ERIC Number: EJ990495
Record Type: Journal
Publication Date: 2012-Oct-1
Can E-Textbooks Help Save the Planet? It Depends on You
Gattiker, Thomas F.; Lowe, Scott E.
Chronicle of Higher Education, Oct 2012
Electronic textbooks, often lauded as a cheaper alternative to hard copies, may also seem like a perfect way for colleges to reduce their greenhouse-gas emissions. Many institutions encourage use of e-books, and one state, California, has required that all textbooks used in college classes be made available electronically by 2020. In a sign of growing campus interest in cutting carbon emissions, nearly 700 institutions have signed the American College & University Presidents' Climate Commitment, pledging to reduce their footprint and to promote education and research on climate change. On the surface, this transition to digital media makes perfect sense: After all, purchased materials of all kinds make up a quarter of most colleges' carbon footprints, and textbooks (in hard-copy form) represent about a quarter of emissions from purchased materials. However, the reality is not so simple. E-textbooks require electricity to operate, and if students print out many pages from them, the resulting carbon footprint may actually be greater than that of the hard-copy textbooks they are replacing. With so much uncertainty, the authors set out to answer the question: Which is more climate friendly--hard-copy textbooks or e-textbooks? They compared the greenhouse-gas emissions of both throughout their life cycles, including creation, distribution, student usage, and disposal, using existing emissions-related data and the results of a survey they conducted of 200 students in six undergraduate classes. They discovered that when they consider all greenhouse-gas emissions over the life cycle of the textbook, from raw-material production to disposal or reuse, the differences between the two types of textbooks are actually quite small. More importantly, they discovered that the ways that hard-copy and digital textbooks are used have a huge effect on emissions. Colleges that are serious about reducing their carbon footprint, then, should realize that the behavior of students, faculty members, and administrators plays a crucial role. Faculty members and administrators should consider educating students on how to print more efficiently, either through classroom instructions or more comprehensive campus-awareness campaigns. They should make sure students understand that opting for an e-textbook and then printing a huge number of pages from it is environmentally unfriendly. Faculty members should also recognize that forcing students who prefer the printed page to buy e-textbooks is unwise. The answer to the question of which is best, then, is that it depends on the behavior of students--and that is something that faculty members and administrators can strongly influence.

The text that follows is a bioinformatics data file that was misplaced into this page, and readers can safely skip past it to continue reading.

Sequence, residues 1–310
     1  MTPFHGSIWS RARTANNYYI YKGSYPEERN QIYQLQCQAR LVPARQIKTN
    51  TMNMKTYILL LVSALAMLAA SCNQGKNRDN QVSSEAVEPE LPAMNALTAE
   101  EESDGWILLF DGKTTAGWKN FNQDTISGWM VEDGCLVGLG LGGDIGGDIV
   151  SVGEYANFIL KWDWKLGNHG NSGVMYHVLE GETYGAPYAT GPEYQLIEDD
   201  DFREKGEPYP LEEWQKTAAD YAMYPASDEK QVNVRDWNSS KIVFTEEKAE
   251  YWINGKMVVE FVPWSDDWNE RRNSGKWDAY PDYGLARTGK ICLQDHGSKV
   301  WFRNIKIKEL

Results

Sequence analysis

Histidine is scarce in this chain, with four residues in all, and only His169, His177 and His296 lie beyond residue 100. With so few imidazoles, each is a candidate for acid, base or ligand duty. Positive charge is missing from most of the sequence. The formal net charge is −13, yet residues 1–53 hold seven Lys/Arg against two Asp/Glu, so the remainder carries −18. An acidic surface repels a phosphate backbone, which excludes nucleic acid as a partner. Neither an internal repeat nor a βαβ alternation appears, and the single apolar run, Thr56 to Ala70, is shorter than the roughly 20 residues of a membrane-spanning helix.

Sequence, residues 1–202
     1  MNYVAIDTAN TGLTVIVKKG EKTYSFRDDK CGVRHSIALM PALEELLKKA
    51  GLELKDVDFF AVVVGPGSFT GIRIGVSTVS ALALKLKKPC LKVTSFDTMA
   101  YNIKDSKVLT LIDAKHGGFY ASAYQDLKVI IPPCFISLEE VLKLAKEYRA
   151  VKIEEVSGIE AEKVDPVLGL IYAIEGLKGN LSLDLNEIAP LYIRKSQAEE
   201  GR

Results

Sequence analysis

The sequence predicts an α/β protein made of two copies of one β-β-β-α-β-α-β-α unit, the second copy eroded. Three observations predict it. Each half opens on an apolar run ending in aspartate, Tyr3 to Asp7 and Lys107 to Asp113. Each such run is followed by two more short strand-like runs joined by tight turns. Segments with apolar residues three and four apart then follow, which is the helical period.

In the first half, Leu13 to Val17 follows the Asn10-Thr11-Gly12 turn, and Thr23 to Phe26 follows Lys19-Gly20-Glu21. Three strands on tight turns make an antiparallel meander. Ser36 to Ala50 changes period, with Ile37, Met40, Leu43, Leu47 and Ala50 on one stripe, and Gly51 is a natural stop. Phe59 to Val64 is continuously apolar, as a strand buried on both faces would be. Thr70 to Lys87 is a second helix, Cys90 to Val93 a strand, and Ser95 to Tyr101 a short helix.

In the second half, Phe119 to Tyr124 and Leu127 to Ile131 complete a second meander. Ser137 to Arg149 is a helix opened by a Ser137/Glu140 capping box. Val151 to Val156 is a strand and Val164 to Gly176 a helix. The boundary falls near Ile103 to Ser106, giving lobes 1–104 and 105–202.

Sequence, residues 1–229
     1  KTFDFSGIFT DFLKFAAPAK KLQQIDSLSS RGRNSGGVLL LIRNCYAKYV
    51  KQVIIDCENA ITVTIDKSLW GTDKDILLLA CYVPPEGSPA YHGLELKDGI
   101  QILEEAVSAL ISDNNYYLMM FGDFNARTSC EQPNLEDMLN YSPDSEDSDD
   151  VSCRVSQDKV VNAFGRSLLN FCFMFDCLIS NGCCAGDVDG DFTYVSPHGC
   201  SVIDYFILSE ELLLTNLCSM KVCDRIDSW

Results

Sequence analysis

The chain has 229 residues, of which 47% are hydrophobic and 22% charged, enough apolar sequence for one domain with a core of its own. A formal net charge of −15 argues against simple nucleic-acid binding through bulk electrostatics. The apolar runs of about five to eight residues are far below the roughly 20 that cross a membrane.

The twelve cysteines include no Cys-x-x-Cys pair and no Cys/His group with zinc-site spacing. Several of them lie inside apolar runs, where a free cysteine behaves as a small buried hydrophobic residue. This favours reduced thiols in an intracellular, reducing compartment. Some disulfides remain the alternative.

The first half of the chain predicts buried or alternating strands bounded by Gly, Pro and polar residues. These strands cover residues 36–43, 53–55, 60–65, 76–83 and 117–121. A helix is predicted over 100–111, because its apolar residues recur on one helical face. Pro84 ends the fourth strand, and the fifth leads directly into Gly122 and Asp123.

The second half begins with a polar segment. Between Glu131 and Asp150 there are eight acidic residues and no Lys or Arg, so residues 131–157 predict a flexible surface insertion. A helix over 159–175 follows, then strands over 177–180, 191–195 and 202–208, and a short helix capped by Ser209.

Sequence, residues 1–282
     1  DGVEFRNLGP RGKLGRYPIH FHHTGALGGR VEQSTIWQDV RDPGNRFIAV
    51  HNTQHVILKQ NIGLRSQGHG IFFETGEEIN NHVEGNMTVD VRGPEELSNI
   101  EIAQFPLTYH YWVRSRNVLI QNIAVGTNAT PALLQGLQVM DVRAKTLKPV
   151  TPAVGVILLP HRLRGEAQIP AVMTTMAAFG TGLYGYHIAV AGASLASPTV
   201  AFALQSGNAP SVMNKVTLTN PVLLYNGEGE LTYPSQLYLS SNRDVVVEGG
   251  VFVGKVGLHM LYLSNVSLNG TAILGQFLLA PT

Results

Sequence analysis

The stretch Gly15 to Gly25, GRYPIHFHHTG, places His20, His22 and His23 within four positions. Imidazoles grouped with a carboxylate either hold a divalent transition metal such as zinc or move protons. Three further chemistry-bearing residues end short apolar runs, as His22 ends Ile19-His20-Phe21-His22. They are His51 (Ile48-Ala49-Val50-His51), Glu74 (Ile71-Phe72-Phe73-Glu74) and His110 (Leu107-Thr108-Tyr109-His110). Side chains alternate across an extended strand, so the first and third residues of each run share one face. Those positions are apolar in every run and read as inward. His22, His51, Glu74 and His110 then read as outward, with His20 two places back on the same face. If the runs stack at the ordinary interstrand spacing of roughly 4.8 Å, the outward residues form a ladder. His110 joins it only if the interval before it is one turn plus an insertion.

Descriptors: Internet, Textbooks, Educational Technology, Electronic Publishing, Conservation (Environment), Energy Conservation, Undergraduate Study, Student Surveys, Student Behavior, Teacher Behavior
Chronicle of Higher Education. 1255 23rd Street NW Suite 700, Washington, DC 20037. Tel: 800-728-2803; Tel: 202-466-1000; Fax: 202-452-1033; e-mail: firstname.lastname@example.org; Web site: http://chronicle.com
Publication Type: Journal Articles; Reports - Evaluative
Education Level: Higher Education
Authoring Institution: N/A